by Yia Vang
The following is a chapter from Yia Vang’s cookbook memoir showcasing Hmong food and her experience as a first generation Hmong American learning to cook from her mom.
Growing up, I avoided doing much to help with the cooking and cleaning around the house. But when I got to high school, Mom declared that it was time for me to learn to make rice.
“Yia, you have to learn how to make Cub Mov. How are you going to find a husband if you can’t make rice?” she said in Hmong, sounding impatient.
“I don’t plan to marry a Hmong man,” I bit back, matching her agitation.
“That’s right, you’ll live off of Big Macs,” she sassed right back. “I’ll teach you how to make it. Go!” She commanded. Mom was not one to ask me what I wanted to do. Having raised fifteen children, she learned that if she wanted anything done, she needed to give directives, not options.
Mom married Dad at a young age, and she wasn’t given options. Dad was a widower who already had six children, some of whom were older than Mom. He had arrived at her village with the intention of marrying a widow, but the elders told him it wouldn’t be good for him to marry the widow. They told him to marry another woman. Mom was the youngest of six daughters. The elders of Dad’s family spoke to Mom’s parents, and before she knew it, they told her she was going to marry Dad. She had no say in the matter; it was done. They had the wedding, and after trekking through the mountains of Laos for three days, she found herself in Dad’s village: a wife and mother.
How to make Cub Mov (steam rice) as taught by Mom:
Yield: A family of nine
Prep time: the night before serving the rice
Cook time: the day one serves the rice
Two-piece steamer that includes a pot and the bamboo steamer with a lid
Another pot of boiling water
1. Use your senses
I head to the kitchen with mom behind me.
“Get the big bowl from the cupboard and fill it with rice.”
“How many cups?” I ask.
“How many cups?” She repeats, confused by the question.
“Yes, Mom, how many cups do you want?”
“Just fill the bowl halfway,” she says.
To Mom, there are no cups, quarts, or liters. There are no tablespoons or teaspoons, grams or ounces. She cooks with her senses. Mom learned how to cook from watching her mother and sisters. She grew up observing and imitating them, tasting the food they made, doing it precisely the way they did it. Mom’s measuring tools are her senses, and they tell her the exact amount that is needed, the exact length that something needs to be cooked for. Her nose knows the smell of a dish when it’s done, or how much longer it needs to cook. Her tongue becomes a cookbook. When Mom tastes food, I can almost see her tongue turn to the right page to make sure she’s added the amount called for.
I use a cup to scoop rice into the bowl and show it to her.
That was halfway, I think, but don’t dare say anything. I pour some back in the bin and show her the bowl again. This time she nods.
2. Live with the cycles
“Now wash the rice.”
I take the bowl to the sink and run some cold water through it, splashing my hand in the bowl and twirling the rice around.
“No, not like that. Wash it,” she walks over to stand beside me. “Like this,” she dips both hands into the bowl, scoops up the rice and brushes her right hand over her left as the rice between her hands falls back into the bowl. She does this a few more times. The water is now a milky white.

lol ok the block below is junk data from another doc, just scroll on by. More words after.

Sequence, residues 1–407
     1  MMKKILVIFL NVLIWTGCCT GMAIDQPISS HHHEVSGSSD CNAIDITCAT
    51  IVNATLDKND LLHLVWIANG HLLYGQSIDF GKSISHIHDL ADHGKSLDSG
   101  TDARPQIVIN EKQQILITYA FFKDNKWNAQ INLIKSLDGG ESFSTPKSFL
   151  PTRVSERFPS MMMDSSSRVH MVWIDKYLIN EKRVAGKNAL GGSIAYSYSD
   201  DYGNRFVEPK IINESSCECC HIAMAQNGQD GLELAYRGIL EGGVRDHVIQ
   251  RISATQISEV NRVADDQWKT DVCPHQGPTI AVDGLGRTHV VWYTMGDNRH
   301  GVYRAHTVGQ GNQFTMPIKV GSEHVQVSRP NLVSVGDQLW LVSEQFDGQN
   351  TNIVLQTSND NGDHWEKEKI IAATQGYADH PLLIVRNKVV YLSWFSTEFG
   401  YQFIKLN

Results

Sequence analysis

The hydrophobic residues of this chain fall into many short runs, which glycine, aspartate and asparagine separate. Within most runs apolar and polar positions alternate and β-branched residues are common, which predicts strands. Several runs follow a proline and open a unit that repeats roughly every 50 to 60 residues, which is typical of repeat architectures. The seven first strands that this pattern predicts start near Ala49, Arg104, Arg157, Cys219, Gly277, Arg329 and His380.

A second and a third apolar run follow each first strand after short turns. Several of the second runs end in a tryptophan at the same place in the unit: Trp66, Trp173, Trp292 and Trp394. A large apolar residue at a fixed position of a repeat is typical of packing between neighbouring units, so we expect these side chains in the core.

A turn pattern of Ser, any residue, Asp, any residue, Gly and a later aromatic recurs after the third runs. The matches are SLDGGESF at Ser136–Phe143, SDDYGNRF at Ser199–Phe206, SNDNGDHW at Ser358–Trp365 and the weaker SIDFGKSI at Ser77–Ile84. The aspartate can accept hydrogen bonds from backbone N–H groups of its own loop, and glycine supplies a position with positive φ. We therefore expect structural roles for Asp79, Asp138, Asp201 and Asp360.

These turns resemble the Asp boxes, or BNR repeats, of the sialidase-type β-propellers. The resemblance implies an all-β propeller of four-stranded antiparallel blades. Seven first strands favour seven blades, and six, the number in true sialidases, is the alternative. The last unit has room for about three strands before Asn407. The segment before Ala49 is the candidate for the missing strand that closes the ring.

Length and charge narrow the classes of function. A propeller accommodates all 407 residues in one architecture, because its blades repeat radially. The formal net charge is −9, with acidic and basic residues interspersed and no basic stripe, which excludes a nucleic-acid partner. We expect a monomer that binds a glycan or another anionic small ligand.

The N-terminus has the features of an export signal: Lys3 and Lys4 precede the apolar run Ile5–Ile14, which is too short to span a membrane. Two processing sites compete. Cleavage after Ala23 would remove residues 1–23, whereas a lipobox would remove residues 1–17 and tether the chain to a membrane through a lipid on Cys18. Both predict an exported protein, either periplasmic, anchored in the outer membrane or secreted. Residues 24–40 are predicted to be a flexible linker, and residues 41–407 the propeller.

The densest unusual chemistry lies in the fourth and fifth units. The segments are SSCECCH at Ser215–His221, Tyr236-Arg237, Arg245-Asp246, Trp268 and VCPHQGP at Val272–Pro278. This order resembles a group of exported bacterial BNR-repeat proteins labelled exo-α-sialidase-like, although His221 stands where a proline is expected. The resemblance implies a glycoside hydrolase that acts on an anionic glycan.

“Now drain the rice, put in fresh water, and do it again.”
I do as I’m told. Once the bowl is filled up with water, I imitate her actions.
“Not so hard. You’ll break the rice. Don’t rub it. Just brush one hand over the other.”
Again, I follow, this time brushing, not rubbing. I do it a few times, the color turning milky again but this time a lighter color.
“How many times do I do this?”
“Just keep doing it until the white washes away and the water is clear.”
To Mom, time is not linear. She doesn’t do something X number of times for a guaranteed result. She doesn’t calculate her actions, her success, her future. Life was never laid out in front of her to have a job by 22, a husband at 28, and her first child by 30. When dad took her home, she didn’t know how old she was. She grew up with the waning and waxing of the moon, with the cycles of harvest seasons. One season fell into the other. She grew up with pots and pans as her toys, thread and needle and fabric as her writing tools and books. The acres of land where the food was grown, was also her playground. She tilled, planted, harvested, slashed and burned, tilled again. There were no calendars, no age, no instruction manuals to tell her how and when to do something. She responded to the moon, the seasons, her family’s needs.
I proceed to drain the water, fill and wash the rice again, brushing one hand over the other. This time I feel the individual grains, cool and gritty to the touch, tickling my palms as they brush against each other. Water runs between my fingers, sliding back down into the bowl. My hands dip into the cold, thick pool of sand.
After a few more rounds, the water remains clear.
Mom tells me to stop and now fill the bowl with water to the top. Leave the rice to soak overnight.
3. Stay in the Flow
The following morning, Mom wakes me up at 7 am to continue the preparation. She tells me to get out the bamboo steamer and pot. Fill the pot to where there’s already a water mark. The bamboo steamer looks like a cone, an oriental straw hat, like the ones in movies that Asians wear while working in the rice fields. We drain the soaked rice and pour it into the steamer, cover it with the lid, and put it in the pot. The steamer catches the rim of the pot about a quarter of the way in and sits there. There is already a second pot on the stove that’s filled with the boiling water we’ll need for soaking the rice again after it’s cooked.
“How long does rice steam for?” I ask her. “How many minutes?” I’m ready to set a timer and go sit down to watch some Saturday morning cartoons.
“Thawm cov mov tuaj, tes muab phoo.” “When the rice arrives, take it out to soak in the boiling water.” When the rice arrives? I have no idea what that means. Hasn’t the rice been there the whole time? Where is it arriving from?